Monday, April 30, 2012

je voudrais un verre de vin.

There's a lot going on with me right now.  Actually, there's only one thing going on, which is I'm getting ready to leave for France on May 17 for a 5 week residency.  Plus, 5 days in Paris. There are many tangential activities associated with my trip that makes it count as four or five things.  Today, I'm going to make a list of all the things I need to do before I leave. Lists soothe me. If I were a cat and you wanted to soothe me, you should pet me. If you want to soothe my human being self, hand me a clean sheet of paper and a nice pen, so I can make a list.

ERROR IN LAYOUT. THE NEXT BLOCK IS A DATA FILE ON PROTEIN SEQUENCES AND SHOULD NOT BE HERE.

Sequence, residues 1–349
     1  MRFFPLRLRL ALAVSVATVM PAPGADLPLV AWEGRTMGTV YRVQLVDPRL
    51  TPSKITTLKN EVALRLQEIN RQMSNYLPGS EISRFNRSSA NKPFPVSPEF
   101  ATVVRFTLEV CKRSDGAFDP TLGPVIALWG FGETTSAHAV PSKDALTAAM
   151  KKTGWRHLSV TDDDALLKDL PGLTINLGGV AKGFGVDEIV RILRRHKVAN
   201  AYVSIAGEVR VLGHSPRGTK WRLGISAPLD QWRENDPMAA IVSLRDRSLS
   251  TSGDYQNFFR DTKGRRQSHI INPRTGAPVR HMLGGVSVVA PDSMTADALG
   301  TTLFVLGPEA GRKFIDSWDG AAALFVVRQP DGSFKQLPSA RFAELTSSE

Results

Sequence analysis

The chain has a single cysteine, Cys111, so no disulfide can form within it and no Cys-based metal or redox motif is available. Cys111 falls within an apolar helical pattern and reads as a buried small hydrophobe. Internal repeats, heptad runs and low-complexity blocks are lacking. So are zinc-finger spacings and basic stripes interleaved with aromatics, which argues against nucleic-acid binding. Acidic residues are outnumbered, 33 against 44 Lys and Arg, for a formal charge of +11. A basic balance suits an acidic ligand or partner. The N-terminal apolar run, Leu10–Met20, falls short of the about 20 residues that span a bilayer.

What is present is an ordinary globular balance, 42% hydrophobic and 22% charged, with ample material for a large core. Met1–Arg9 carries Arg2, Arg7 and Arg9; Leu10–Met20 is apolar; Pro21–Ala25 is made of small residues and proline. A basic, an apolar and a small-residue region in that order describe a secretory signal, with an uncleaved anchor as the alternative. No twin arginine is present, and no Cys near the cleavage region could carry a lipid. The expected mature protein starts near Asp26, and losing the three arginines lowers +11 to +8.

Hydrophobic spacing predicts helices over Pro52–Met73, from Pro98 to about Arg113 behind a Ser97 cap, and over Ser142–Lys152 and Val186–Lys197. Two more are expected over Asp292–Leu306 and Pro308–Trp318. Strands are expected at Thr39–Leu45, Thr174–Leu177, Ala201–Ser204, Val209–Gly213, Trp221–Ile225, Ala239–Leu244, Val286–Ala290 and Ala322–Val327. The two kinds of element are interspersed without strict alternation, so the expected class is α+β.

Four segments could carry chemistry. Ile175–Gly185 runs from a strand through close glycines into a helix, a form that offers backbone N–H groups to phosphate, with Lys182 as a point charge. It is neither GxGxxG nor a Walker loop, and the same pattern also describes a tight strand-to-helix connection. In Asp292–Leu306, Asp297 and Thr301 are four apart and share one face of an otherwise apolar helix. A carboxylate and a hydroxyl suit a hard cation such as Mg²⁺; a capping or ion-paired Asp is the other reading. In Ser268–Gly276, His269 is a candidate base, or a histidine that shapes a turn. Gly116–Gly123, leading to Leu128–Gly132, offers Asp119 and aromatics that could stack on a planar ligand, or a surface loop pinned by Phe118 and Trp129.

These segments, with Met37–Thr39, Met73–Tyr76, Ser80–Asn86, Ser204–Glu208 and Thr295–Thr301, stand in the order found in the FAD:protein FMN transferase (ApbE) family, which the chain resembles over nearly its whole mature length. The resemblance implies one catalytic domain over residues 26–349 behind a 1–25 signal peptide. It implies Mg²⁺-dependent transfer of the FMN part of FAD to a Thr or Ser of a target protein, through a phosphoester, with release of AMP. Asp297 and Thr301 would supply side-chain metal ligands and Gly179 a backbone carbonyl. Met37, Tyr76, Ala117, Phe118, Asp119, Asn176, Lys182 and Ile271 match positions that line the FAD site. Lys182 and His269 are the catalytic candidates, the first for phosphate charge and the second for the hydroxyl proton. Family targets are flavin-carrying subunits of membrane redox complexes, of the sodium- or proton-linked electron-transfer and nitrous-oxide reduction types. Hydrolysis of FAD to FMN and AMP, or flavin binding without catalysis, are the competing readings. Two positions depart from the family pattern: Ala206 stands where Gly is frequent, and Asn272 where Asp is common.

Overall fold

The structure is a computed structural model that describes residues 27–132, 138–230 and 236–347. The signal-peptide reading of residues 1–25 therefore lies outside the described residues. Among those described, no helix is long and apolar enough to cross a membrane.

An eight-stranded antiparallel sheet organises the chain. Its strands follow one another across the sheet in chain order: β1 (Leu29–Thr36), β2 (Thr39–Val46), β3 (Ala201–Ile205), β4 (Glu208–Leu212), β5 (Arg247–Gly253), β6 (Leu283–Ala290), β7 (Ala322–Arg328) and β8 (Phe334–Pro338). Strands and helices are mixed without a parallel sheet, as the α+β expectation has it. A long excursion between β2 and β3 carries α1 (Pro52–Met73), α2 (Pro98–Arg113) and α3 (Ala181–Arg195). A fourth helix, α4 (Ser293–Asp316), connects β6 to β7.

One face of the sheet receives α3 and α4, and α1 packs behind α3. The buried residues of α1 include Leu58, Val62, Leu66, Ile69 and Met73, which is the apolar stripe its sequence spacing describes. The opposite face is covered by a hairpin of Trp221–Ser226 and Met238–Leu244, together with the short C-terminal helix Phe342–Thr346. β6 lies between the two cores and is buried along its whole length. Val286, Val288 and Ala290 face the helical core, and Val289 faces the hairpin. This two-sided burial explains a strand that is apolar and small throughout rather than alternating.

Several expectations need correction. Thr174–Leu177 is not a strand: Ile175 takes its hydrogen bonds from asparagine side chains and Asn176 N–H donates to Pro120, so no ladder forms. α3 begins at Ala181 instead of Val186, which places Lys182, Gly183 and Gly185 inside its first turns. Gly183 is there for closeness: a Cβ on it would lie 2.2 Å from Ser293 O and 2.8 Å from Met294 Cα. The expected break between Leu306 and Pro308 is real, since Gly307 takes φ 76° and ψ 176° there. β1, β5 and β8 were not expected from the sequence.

One of the things I am trying to accomplish before I leave is getting back all the French I learned in high school, which has since been displaced by Spanish.  I've been doing the Pimsleur program and now, there's just a big bowl of all kinds of words in different languages sloshing around my brainpan, though I do know how to fluently order wine and beer.

As a teenager, I was fascinated with France. I took French through most of high school and tried to convince my mother that we probably were of French extraction, somewhere in our background, though we are clearly anglo-saxon in every way.  I felt a natural affinity for the French culture, even though I understood only the most superficial things about it, like the French really love cheese, dress better than Americans, are snooty and disdainful, make weird movies with no endings, and take long lunches.